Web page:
This common disorder is due to trimming your toenails too short. The sides of the nail curl down and dig into your skin. An ingrown toenail may also happen if you wear shoes that are too tight or too short. Any of your toenails can get ingrown, but it is most likely to affect your big toes. When you first have an ingrown toenail, it may be hard, swollen and tender. Finally, your skin may start to grow over the ingrown toenail. Sometimes it may get red and infected, and feel very sore. You may see pus drain from it.
To treat an infected ingrown toenail, soak your foot in warm, soapy water several times each day. You may need to gently lift the edge of the ingrown toenail from its embedded position and insert some cotton or waxed dental floss between the nail and your skin. Change this packing every day. If your infection is severe, your doctor may prescribe a course of antibiotics. Learn how to trim your toenails properly. Wear clean socks and open-toed shoes, such as sandals.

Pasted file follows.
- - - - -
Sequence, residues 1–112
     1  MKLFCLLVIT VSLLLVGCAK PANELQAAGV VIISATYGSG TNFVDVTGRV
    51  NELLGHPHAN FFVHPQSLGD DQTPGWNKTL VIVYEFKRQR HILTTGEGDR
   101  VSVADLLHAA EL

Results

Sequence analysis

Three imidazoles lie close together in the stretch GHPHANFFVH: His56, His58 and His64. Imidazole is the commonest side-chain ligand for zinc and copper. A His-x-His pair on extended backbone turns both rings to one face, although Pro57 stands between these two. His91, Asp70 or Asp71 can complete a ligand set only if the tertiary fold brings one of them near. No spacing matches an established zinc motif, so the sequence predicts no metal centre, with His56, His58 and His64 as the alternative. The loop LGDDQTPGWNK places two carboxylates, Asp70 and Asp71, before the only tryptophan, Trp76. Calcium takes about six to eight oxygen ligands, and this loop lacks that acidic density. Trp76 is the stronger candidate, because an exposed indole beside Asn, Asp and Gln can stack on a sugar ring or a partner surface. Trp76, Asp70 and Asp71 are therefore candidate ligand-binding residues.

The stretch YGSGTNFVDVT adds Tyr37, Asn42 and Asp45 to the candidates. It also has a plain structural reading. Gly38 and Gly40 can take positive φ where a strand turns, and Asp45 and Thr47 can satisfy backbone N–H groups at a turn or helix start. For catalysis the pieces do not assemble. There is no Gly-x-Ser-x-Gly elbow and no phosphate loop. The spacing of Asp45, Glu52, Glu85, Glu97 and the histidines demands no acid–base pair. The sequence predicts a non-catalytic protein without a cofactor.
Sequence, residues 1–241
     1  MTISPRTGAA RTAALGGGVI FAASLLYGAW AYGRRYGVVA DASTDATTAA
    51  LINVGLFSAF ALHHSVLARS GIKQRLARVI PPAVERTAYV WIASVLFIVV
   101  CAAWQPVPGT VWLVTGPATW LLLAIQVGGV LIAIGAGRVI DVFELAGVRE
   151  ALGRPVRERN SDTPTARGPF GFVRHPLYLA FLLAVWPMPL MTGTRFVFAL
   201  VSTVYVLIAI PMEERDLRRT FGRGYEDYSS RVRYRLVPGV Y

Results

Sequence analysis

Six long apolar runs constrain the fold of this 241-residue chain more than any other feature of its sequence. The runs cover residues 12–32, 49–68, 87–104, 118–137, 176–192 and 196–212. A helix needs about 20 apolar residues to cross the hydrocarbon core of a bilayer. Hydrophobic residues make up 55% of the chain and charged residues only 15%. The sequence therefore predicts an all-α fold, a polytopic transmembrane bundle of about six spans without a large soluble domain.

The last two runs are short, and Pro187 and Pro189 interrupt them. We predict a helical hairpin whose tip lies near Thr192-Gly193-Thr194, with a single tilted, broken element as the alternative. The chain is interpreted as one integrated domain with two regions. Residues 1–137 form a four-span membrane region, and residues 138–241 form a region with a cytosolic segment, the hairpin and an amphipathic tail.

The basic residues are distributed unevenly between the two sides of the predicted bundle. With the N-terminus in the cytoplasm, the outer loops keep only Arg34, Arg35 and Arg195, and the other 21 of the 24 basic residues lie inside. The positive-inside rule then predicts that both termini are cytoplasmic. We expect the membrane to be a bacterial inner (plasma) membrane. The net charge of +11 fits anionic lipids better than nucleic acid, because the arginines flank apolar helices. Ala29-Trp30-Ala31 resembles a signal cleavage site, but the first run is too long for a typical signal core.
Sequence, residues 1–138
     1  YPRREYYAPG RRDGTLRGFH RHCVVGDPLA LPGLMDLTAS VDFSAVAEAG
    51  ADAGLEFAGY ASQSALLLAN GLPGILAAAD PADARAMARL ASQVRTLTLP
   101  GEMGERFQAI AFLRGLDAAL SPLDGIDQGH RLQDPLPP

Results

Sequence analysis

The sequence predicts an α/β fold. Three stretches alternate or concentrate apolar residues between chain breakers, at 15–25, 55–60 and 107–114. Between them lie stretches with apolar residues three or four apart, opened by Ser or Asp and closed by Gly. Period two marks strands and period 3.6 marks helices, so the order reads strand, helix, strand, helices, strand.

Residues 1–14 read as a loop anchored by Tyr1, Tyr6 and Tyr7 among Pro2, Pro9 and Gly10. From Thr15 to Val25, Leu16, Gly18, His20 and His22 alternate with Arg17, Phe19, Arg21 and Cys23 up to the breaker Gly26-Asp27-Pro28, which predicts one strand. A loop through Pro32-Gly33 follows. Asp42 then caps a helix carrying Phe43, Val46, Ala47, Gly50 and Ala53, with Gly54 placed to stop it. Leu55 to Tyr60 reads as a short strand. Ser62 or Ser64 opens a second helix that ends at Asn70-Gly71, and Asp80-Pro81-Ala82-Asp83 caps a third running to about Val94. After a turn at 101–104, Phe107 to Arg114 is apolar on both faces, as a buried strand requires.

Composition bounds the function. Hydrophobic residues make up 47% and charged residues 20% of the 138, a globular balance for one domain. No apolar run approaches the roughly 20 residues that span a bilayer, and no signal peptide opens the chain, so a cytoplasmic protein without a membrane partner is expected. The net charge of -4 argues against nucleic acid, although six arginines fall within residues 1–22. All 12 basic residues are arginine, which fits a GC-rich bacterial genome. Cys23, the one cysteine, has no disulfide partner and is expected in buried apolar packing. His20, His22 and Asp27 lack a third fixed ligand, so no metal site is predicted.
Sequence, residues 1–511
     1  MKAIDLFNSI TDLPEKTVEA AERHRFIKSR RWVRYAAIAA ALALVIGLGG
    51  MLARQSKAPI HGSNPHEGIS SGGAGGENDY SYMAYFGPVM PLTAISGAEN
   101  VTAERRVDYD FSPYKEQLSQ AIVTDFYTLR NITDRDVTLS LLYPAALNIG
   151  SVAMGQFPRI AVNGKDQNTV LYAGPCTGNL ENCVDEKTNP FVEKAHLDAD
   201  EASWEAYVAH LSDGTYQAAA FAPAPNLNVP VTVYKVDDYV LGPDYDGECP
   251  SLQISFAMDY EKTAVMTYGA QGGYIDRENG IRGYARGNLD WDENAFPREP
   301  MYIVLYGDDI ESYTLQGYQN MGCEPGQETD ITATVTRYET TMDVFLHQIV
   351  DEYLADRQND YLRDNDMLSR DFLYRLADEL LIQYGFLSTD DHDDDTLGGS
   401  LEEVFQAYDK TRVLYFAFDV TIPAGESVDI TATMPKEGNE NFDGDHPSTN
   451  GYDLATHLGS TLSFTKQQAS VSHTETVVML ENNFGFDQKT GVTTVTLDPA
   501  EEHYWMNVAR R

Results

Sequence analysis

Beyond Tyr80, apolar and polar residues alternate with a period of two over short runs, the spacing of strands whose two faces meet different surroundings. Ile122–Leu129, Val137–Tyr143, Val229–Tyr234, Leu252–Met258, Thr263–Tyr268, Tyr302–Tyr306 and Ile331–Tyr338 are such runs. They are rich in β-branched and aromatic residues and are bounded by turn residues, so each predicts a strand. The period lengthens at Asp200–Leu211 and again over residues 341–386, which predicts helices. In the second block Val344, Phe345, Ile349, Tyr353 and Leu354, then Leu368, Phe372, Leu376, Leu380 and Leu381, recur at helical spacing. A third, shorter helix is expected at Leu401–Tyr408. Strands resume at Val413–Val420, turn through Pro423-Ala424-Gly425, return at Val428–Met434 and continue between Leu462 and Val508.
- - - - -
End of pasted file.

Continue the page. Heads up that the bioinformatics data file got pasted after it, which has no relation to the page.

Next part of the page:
If you are in a lot of pain and/or the infection keeps coming back, your GP, podiatrist or surgeon may remove part of your ingrown toenail under a local anaesthetic. The choice is between only the removal of part of the nail (partial nail plate avulsion), removal of the ingrown edge and part of the tissue, which grows new nail (wedge resection), or removal of the entire nail and all the growth potential (Zadek procedure). Ingrown toenails often recur after the lesser procedures.
There are many ways to book an appointment at the Cotswold Foot & Ankle Clinic. This may be a referral from either your GP, Hospital Consultant, Chartered Physiotherapist or Podiatrist.
For insured patients you will need to contact your insurance provider. If self-funding you may make a direct referral, but we prefer if you contact your GP, so they can inform us of your medical background.
OUR CONSULTANTS MR BROWN AND MR CLINT ARE MEMBERS OF
Cheltenham Hospital, Nuffield Health
Cheltenham GL51 6SY
The Manor Hospital, Nuffield Health
Oxford OX3 7RP
01242 246 559